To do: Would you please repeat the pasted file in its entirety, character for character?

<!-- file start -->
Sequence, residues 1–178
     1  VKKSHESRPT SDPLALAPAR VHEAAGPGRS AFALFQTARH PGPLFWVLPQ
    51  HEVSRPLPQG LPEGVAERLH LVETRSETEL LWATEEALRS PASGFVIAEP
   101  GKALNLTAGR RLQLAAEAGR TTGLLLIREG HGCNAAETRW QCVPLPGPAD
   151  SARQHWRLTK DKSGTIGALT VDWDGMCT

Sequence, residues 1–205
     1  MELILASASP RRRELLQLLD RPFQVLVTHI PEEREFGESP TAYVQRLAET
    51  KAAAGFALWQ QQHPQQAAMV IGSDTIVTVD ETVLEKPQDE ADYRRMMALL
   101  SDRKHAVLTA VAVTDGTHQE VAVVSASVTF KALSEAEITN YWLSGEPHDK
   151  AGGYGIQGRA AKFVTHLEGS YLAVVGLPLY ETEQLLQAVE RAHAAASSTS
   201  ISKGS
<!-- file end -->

Sequence, residues 1–178
     1  VKKSHESRPT SDPLALAPAR VHEAAGPGRS AFALFQTARH PGPLFWVLPQ
    51  HEVSRPLPQG LPEGVAERLH LVETRSETEL LWATEEALRS PASGFVIAEP
   101  GKALNLTAGR RLQLAAEAGR TTGLLLIREG HGCNAAETRW QCVPLPGPAD
   151  SARQHWRLTK DKSGTIGALT VDWDGMCT

Sequence, residues 1–205
     1  MELILASASP RRRELLQLLD RPFQVLVTHI PEEREFGESP TAYVQRLAET
    51  KAAAGFALWQ QQHPQQAAMV IGSDTIVTVD ETVLEKPQDE ADYRRMMALL
   101  SDRKHAVLTA VAVTDGTHQE VAVVSASVTF KALSEAEITN YWLSGEPHDK
   151  AGGYGIQGRA AKFVTHLEGS YLAVVGLPLY ETEQLLQAVE RAHAAASSTS
   201  ISKGS